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Reviewed by:
  • Robin Hood: A Mythic Biography
  • Elizabeth L. Pandolfo Briggs (bio)
Robin Hood: A Mythic Biography. By KnightStephen. Ithaca and London: Cornell UP, 2003

One rarely has the opportunity to read the biography of someone who never physically existed, but that is exactly the opportunity Stephen Knight has given us with Robin Hood: A Mythic Biography. This book is more history text than literary criticism, with its detailed cataloguing and analysis of early source material and versions of the Robin Hood story. Knight includes even the most recent versions of the Robin Hood story in print and film, placing them in a literary historical context. Knight's expertise as the leading Robin Hood scholar shines through this readable, entertaining, informative text that serves as an excellent introduction to Robin Hood studies. However, Knight's book has a limited applicability in the field of children's literature.

Knight describes his book as follows:

This book is a mythic biography in two ways: it deals with both the human and the superhuman manifestations and meanings of the figure; but it is also a biography of a myth, that is, a single study of a figure who has over centuries and in many places and many genres had a varying but powerful identity. The myth can be read to reveal both the multifaceted potency of the figure and the remarkable ways in which different periods have, through this recurrent myth of resistance to authority, represented their own ideas of what constitutes oppressive authority and how, in dreams, wishes, or even reality, that might be resisted.


Knight divides his study into four chronological yet overlapping chapters: "Bold Robin Hood," which focuses on the earliest manifestations of the figure as a bold yeoman; "Robert, Earl of Huntington," which deals with later versions of the myth in which the figure is portrayed as a passive noble; "Robin Hood Esquire," which covers the nineteenth-century portrayals of Robin Hood in which the two earlier versions were combined to create a new hero in a new outlaw tradition; and "Robin Hood of Hollywood," which surveys the twentieth-century versions of the Robin Hood myth.

The strength of the book lies in the first two chapters, which track the Robin Hood myth from its earliest surviving appearance, in Piers Plowman (1370s) until the end of the eighteenth century. Knight has exhaustively researched ballads, gests, songs, plays, games, manuscripts, even doodles in the margins of manuscripts, to follow the evolution of one of the most pervasive figures and themes in Western culture, as well as the interplay between the stories and the societies producing them. The result makes for fascinating reading.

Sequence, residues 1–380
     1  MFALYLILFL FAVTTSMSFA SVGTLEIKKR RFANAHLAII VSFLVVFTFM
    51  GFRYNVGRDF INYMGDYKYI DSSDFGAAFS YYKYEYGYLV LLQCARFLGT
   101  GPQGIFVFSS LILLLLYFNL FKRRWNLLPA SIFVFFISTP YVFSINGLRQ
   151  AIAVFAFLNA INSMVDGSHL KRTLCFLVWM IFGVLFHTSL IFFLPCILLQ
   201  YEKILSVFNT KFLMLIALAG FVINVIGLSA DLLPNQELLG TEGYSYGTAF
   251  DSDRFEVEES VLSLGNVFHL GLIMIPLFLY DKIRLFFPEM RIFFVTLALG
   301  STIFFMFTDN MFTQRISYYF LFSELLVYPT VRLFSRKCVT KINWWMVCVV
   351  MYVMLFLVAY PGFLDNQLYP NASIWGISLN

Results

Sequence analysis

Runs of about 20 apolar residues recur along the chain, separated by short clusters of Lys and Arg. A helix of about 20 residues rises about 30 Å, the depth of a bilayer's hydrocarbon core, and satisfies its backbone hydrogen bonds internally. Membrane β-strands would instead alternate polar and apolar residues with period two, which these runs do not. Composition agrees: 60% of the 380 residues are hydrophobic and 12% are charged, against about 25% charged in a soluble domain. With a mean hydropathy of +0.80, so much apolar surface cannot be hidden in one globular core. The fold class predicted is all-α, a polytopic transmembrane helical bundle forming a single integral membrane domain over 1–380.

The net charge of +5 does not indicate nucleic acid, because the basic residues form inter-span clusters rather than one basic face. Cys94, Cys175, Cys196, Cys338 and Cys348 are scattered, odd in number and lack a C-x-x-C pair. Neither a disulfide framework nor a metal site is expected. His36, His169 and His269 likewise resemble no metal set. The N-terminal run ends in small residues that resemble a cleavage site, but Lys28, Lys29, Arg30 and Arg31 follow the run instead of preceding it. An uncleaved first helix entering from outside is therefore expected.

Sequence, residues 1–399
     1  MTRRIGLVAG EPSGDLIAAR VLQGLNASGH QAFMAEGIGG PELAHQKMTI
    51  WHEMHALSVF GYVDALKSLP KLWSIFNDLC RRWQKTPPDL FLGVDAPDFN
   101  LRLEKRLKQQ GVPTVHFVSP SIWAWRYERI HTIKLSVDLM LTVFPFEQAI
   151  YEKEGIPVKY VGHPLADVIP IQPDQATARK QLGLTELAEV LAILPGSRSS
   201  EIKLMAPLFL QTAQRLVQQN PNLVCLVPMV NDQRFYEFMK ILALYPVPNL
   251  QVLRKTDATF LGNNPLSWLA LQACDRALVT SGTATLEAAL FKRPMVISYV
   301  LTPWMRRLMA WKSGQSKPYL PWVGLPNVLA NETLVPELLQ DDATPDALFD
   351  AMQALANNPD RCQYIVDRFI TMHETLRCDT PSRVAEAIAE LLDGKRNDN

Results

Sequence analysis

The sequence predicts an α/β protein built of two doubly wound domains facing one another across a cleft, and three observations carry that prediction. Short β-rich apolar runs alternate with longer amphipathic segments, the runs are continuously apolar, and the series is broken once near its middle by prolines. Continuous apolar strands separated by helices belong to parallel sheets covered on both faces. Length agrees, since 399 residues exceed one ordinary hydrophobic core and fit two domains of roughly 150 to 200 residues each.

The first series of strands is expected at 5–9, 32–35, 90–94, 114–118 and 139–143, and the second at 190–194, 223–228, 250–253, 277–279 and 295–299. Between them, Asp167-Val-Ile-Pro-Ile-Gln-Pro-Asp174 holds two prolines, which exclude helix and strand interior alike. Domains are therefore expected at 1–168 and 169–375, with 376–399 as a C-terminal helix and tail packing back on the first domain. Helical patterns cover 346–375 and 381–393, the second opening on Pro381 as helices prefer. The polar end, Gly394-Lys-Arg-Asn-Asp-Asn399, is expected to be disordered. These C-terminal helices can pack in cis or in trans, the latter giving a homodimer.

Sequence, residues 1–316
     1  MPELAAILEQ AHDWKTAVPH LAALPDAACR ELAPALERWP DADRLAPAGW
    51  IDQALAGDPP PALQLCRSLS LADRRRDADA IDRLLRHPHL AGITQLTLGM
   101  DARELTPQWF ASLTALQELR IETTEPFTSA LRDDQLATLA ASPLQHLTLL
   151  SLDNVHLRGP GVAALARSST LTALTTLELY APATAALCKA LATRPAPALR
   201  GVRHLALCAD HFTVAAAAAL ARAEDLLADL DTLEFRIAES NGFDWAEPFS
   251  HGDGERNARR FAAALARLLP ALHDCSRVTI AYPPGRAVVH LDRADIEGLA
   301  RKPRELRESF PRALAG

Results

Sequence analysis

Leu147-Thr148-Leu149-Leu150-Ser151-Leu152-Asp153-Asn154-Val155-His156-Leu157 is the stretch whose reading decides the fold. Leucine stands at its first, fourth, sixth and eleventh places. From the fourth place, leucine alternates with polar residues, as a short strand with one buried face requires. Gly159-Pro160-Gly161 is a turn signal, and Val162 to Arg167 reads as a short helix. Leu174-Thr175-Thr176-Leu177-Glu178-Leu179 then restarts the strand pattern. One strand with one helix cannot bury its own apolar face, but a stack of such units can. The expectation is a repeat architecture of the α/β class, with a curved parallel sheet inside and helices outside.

The third chapter continues this work, covering the creation of the type of Robin Hood story with which we are most familiar. In this chapter Knight discusses events in the Robin Hood mythic biography most important to creating an enduring outlaw hero: the 1795 publication of Joseph Ritson's literary life of Robin Hood; and John Keats', Sir Walter Scott's, and Thomas Love Peacock's treatments of the Robin Hood story in 1818-1819, when the "noble bandit now came to symbolize values central to the nineteenth and even twentieth centuries-especially ideals of national identity, masculine vigor, and natural value" (100-01). Knight's literary discussion of these crucial works is just as informed and compelling as the earlier chapters of the book.

It is late in this third chapter that Knight first mentions children's literature, as he notes that from the mid-nineteenth century onward Robin Hood stories were increasingly directed to young readers. Unfortunately, as the amount of material to cover grows in the latter part of the third chapter and the fourth chapter, Knight's analyses loses some of their earlier depth. Knight primarily gives summaries and evaluations of Robin Hood versions, delineates their historical lineage, and contextualizes them culturally, while skipping much of the literary analysis present in his earlier discussions. Knight begins a review of nineteenth-century Robin Hood stories for children with a sentence acknowledging Bennet A. Brockman's argument that outlaw stories such as Robin Hood might have contributed to the growth in children's literature, but...


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pp. 185-186
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